A typical train for moving supplies and equipment consisted of a tractor pulling several sleds. One sled hauled a 45-foot house trailer for crew quarters. Although we pulled a small sled with a generator for the radio and cooking, our quarters were a bit crowded, and the beds were litters (navy style).



We were testing a Letourneau swamp buggy to possibly replace the tractors. I was a test driver on one sled train to the radar base (4 hours on , 4 hours off). We had to run it in low range since it's speed was more than twice that of the tractors. The tires were ten feet tall! I don't know the outcome since I was removed from active duty early due to the winding down of the Korean conflict.



When the bay and fjord ice broke up, we used landing craft to transport equipment and supplies to our take-off camp at the head of the fjord.The Corps of Engineers worked most of the summer building a test road up the cap at TUTO. I never knew why.

The semi-permanent camp at TUTO.    Typical landscape on the icecap in July

The nearest thing to a sunset on the cap in early August.  Trail left by our sled train as we headed for the radar base at less than ten MPH.


Camp Sierra out on the cap. Each year the camps were deeper into the ice.

Finally we arrived at the radar base (Site 2), but it is barely visible. I wonder how far down these buildings are now.

We had to go through snow tunnels to get from building to building. I also climbed down 150 feet into a research well. Although electric lights were strung all the way down, I got very claustrophobic and scampered up the rope ladder like a squirrel.



One of our weasels broke through a snow bridge on the road to TUTO.
Naturally the drain plugs were removed, so water came into the hull. With a tow from another weasel, no real harm done.

Some of my drunken buddies sneaked away about 2 A. M. from the officer's club to see a crevasse, so I went as the designated weasel driver. The crevasse was called "Blueice", and was being studied by scientists from Tufts College (now University I think). They never woke up while we were there. They were asleep in their wanigans (small living quarters on sleds).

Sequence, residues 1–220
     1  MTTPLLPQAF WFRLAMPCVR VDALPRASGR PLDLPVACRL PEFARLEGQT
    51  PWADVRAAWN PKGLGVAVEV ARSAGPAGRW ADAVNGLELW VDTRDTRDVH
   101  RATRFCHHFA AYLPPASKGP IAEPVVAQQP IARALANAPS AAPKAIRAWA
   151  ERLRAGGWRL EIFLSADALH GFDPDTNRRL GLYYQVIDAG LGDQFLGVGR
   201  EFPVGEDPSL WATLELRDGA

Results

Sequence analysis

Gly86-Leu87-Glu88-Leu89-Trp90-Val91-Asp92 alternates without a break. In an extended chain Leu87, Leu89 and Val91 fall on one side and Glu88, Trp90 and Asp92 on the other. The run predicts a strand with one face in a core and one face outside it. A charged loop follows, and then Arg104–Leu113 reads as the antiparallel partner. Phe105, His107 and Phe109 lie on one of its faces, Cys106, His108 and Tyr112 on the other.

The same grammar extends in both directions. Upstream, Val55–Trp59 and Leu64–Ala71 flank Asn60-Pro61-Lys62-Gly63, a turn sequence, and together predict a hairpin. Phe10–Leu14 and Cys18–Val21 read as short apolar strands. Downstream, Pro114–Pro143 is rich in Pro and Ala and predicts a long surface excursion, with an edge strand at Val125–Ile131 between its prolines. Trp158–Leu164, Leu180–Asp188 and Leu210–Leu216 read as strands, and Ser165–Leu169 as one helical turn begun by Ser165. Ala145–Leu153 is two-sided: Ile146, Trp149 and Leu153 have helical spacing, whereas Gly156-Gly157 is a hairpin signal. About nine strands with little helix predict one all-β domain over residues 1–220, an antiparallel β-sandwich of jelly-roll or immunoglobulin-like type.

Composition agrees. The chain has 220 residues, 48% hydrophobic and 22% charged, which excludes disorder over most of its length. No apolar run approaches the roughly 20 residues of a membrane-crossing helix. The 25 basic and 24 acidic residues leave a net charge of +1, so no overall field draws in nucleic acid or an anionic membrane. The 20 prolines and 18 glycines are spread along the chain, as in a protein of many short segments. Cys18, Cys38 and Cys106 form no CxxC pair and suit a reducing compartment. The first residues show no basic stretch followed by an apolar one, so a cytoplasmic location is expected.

Beach Camp, our take-off camp at the head of Wolstenholme Fjord.

We had organized softball leagues that played all hours of the sunny night.


Arctic flowers on top of Mt. Dundas in June (with my GI pocket knife for relative size).



Sunset over the cap when we started losing approximately 20 minutes of sunlight per day.

One of the unusual and beautiful sunsets at Thule.

I'll sign off with a beautiful sunset over Saunders Island. If you explore this site and would like to comment or send info, email me at: [email protected]

For other interesting sites, go to Larry's Thule (BW-6) site; www.geocities.com/Yosemite/4466

or John's Narsarssuaq (BW-1) site: www.members.xoom.com/JCStott/bw1.html

Another interesting site is the WW II P-38 that was recovered 50 years after crash landing on the icecap. Glacier Girl Gazette publishes the status of the restoration taking place in Middlesboro, Ky. www.thelostsquadron.com/ggg.html

A couple of great sites to learn about Thule are, www.50megs.com/thuleab and Peregrinefund.org

Also check out the Thule Forum a great place to talk about your adventures and make some new friends!

For more great pictures and information on Thule visit www.bdbrewer.homestead.com

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